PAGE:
But at the first step into the house’s overhaul, Anneke is sidetracked when she discovers a mysterious leather-bound book, long hidden away, filled with tempting recipes and steamy secrets from Gemma Ditmore-Smythe, the cook for the house’s original owners. Slowly, with the help of some delicious food and Gemma’s life lessons, Anneke begins to realize that, just like a flawless recipe, she’s been waiting for the right ingredients to cook up a perfect life all along…

I am such a sucker for books set in Chicago so aside from the Jen Lancaster connection I really wanted to read Recipe for Disaster.  I love the feeling of familiarity that I get while reading about different neighborhoods in my city.  I really liked Anneke!  She’s not perfect in body or in temperament so she felt like a real person to me.  I definitely loved her friends and wanted them for myself!  I saw a Goodreads review that called this the perfect mix of HGTV and the Food Network and I love that description!  The house renovations gave me serious envy and I am definitely going to try one or two of the recipes included in the book.  I also liked the romantic drama even though it wasn’t at all what I was expecting in the end.

I did find Gemma’s journal to be a cheesey and probably unnecessary addition – but I did love how Anneke taught herself to cook from the recipes and how that helped her regain her self-confidence after her personal and professional lives were falling apart.   This book felt a lot longer than it needed to be and I wonder if without the journal it could have been a better length.  Or maybe the house details – as amazing as they were – could have been a bit shorter?

Overall a cute summer read.  Good friends, romance and yummy food!  I really need to put the rest of Ballis’ books onto my TBR.

Thank you Berkley for this advance copy in exchange for an honest opinion!

Review: The Bookseller

The Bookseller, Cynthia Swanson

Hardcover, 338 pages

Published March 3rd 2015 by Harper

Source: e-ARC from edelweiss

22635858

From Goodreads.

Nothing is as permanent as it appears . . .

Denver, 1962: Kitty Miller has come to terms with her unconventional single life. She loves the bookshop she runs with her best friend, Frieda, and enjoys complete control over her day-to-day existence. She can come and go as she pleases, answering to no one. There was a man once, a doctor named Kevin, but it didn’t quite work out the way Kitty had hoped.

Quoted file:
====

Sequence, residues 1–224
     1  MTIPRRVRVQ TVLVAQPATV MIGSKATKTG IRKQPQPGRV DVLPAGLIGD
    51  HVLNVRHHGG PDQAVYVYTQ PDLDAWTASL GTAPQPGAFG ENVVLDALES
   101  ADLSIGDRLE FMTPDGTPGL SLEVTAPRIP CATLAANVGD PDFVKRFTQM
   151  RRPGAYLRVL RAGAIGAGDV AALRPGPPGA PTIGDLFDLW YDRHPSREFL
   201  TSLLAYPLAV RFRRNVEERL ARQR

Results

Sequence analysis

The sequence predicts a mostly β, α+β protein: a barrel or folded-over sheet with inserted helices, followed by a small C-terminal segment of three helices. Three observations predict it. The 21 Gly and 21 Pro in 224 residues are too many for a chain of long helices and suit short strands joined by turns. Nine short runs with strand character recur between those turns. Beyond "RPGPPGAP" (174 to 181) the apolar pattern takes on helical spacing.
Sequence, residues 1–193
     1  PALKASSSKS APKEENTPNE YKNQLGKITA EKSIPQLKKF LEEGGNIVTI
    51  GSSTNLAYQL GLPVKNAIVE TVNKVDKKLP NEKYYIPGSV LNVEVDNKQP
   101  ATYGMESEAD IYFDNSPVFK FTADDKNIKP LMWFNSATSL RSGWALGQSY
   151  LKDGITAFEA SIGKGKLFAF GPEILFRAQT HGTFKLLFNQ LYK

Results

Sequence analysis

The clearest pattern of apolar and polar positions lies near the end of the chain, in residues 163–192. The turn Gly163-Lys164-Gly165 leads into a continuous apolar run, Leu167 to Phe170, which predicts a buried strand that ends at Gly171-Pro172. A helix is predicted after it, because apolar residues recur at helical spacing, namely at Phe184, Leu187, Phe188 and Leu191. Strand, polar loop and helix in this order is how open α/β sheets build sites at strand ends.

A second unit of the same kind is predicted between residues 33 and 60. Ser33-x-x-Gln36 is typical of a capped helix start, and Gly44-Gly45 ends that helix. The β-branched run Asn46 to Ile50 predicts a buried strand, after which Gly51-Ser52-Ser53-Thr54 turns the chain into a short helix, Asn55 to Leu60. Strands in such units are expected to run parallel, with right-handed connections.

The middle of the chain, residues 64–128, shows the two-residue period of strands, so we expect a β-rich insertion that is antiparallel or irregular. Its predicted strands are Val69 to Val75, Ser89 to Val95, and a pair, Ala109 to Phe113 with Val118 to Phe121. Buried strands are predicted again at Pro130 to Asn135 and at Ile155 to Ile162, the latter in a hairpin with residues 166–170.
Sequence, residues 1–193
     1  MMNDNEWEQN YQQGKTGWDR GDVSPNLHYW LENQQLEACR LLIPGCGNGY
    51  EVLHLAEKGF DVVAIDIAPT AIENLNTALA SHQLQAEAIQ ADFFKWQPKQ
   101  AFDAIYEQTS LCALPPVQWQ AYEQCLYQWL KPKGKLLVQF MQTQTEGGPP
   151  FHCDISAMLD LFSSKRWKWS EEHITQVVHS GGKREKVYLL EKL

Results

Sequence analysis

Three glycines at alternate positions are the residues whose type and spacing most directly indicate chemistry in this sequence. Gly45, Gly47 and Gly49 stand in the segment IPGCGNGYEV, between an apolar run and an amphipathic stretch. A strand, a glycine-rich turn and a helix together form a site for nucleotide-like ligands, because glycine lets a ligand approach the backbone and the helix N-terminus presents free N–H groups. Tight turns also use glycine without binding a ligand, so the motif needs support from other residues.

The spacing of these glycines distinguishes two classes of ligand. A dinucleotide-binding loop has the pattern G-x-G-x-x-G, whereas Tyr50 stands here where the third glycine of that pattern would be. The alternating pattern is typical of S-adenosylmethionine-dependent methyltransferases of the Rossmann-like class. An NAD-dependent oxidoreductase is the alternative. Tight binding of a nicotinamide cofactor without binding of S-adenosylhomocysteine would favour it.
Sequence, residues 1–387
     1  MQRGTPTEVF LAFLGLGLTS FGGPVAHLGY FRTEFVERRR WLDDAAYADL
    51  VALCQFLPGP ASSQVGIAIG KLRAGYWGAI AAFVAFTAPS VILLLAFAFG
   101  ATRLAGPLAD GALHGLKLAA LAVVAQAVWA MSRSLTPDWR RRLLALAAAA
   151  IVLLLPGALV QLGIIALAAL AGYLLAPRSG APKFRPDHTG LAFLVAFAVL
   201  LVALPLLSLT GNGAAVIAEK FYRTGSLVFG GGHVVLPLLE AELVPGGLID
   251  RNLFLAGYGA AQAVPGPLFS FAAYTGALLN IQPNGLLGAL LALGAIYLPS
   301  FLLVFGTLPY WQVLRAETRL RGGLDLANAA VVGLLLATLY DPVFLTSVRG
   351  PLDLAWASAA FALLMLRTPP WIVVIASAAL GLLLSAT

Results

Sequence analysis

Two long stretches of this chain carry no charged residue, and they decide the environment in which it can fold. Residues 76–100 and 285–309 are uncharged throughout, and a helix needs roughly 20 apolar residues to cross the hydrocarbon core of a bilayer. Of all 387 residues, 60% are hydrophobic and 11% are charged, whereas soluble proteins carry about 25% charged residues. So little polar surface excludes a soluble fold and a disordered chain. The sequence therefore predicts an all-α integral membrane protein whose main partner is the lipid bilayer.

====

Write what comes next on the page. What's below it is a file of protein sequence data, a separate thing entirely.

Then the dreams begin.

Denver, 1963: Katharyn Andersson is married to Lars, the love of her life. They have beautiful children, an elegant home, and good friends. It’s everything Kitty Miller once believed she wanted—but it only exists when she sleeps.

Convinced that these dreams are simply due to her overactive imagination, Kitty enjoys her nighttime forays into this alternate world. But with each visit, the more irresistibly real Katharyn’s life becomes. Can she choose which life she wants? If so, what is the cost of staying Kitty, or becoming Katharyn?

As the lines between her worlds begin to blur, Kitty must figure out what is real and what is imagined. And how do we know where that boundary lies in our own lives?

I really wanted to love The Bookseller.  I was so curious!  Would it be magical realism?  Was the Bookseller going to be living two lives only in her own head?  I love books about books – so would this be an amazing guide to books like The Storied Life of AJ Fikry?

I really can’t find the right words for this book.  Kitty had such potential as an independent woman, a bit ahead of her time in the ‘60s – and then she’d wake up as Katharyn.  A housewife and mother who was completely a product of her times and did not show as much spine as she had before she met her husband. Kitty kind of wanted to be Katharyn and at the same time Katharyn kind of wanted to go back to being Kitty. Honestly, I just wanted to know what the heck was happening.

I just didn’t click with Kitty/Katharyn as a character enough to feel really drawn into her story either way. Maybe it was because she wasn’t ever settled in either life?  I could have likely walked away from The Bookseller without an answer of what was real and not really suffered for a lack of resolution.  In the end, while the explanation made sense for the story – it wasn’t what I wanted for her which always makes me grumpy.